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Expert Point of View: Michael Jain, MD, PhD


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Michael Jain, MD, PhD

Michael Jain, MD, PhD

Michael Jain, MD, PhD, of the Moffitt Cancer Center, Tampa, Florida, commented on both studies with the combination of brentuximab vedotin/nivolumab.

“For older patients, ABVD [doxorubicin, bleomycin, vinblastine, dacarbazine] is not easy to tolerate, and it would be good to find an easier regimen. In this small study of older patients, these results were impressive. These older patients had quite a high durable response rate. We need longer follow-up to determine the relapse rate,” Dr. Jain noted.

However, Dr. Jain noted that larger studies are needed to confirm these findings. “We need to view these results with caution, because this is a 21-person study,” Dr. Jain continued. “However, there are not a lot of good options. Brentuximab vedotin/nivolumab is an interesting regimen and adds another option for elderly patients. For now, for a fit 75-year-old, you could try to reduce the dose of cytotoxic chemotherapy; and for quite a sick patient, you could use brentuximab vedotin alone, try brentuximab vedotin/nivolumab, or lower the dose of chemotherapy to get the disease under control.”

‘Remarkable’ Data in Salvage Setting

Turning to the second study of brentuximab vedotin/nivolumab as salvage therapy, Dr. Jain explained: “The majority of patients with Hodgkin lymphoma—between 70% and 95%—are cured by ABVD. However, certain subgroups do not have as good outcomes. Both brentuximab vedotin and nivolumab are approved in Hodgkin lymphoma as monotherapy in front-line treatment or to replace bleomycin in ABVD, and nivolumab is approved as a second-line or later option. The combination can replace cytotoxic chemotherapy as salvage therapy and may be a bridge to transplant.”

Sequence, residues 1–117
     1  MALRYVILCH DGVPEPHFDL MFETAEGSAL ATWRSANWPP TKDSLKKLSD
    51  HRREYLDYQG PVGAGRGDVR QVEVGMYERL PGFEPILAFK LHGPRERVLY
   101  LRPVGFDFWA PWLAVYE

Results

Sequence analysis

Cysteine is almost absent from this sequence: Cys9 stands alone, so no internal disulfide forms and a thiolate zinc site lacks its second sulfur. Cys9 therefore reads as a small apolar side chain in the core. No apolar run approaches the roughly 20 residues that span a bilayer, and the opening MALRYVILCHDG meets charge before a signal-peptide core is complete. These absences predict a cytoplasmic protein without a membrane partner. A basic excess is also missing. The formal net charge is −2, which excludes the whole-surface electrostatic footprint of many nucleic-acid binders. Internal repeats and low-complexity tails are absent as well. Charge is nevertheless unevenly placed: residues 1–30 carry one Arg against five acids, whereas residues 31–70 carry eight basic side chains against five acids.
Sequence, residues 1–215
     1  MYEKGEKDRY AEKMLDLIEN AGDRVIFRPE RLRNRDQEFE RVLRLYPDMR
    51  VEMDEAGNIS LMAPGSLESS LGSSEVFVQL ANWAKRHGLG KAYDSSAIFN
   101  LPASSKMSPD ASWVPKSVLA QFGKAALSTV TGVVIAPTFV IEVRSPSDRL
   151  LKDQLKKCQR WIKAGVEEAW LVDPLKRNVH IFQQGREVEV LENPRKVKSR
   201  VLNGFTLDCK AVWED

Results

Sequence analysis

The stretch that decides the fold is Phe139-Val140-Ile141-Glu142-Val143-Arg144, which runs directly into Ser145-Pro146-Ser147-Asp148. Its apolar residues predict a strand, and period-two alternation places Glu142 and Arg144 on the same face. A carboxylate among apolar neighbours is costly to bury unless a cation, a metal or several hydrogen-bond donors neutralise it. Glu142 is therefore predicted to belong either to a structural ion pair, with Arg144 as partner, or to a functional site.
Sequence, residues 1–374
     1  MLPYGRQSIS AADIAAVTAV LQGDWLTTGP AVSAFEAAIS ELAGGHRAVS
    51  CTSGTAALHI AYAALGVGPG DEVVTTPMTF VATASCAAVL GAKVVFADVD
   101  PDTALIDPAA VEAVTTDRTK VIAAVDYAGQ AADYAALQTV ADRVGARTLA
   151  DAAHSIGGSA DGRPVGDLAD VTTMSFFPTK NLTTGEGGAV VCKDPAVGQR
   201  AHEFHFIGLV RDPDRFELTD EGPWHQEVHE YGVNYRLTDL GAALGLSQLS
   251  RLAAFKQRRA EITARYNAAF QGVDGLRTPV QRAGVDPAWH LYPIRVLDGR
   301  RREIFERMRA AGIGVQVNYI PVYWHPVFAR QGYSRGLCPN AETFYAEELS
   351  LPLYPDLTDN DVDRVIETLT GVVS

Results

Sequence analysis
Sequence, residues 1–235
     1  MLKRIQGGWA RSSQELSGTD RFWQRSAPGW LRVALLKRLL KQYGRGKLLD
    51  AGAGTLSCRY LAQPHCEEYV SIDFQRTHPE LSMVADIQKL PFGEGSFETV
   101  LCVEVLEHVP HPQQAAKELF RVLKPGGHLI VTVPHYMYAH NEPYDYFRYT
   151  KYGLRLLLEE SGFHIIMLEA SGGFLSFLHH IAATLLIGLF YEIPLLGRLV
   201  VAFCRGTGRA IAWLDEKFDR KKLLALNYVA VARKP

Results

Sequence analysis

Dr. Jain continued: “ASCT in Hodgkin lymphoma works best in patients with a complete response, and you need a high complete response rate for a salvage regimen. The goal is to develop an effective salvage regimen that is less toxic and facilitates ASCT. These data on brentuximab vedotin/nivolumab are remarkable—a complete response rate of 67% and an overall response rate of 85%. Almost all patients were able to go on to ASCT.”

“With longer-term follow-up, the vast majority are in remission. Brentuximab vedotin/nivolumab looks like a good second-line regimen to facilitate ASCT,” added Dr. Jain. When asked whether community oncologists would adopt this approach without a phase III trial, Dr. Jain replied: “Community oncologists are comfortable with both of these drugs, and I think they will consider this as an option for second-line treatment.”

“Patients being considered for ASCT will go to larger centers that treat high volumes of patients with lymphoma,” Dr. Jain noted, “and oncologists will recommend this regimen to community oncologists, a ‘trickle-down’ effect.”

DISCLOSURE: Dr. Jain has been a consultant or advisor for Kite/Gilead.


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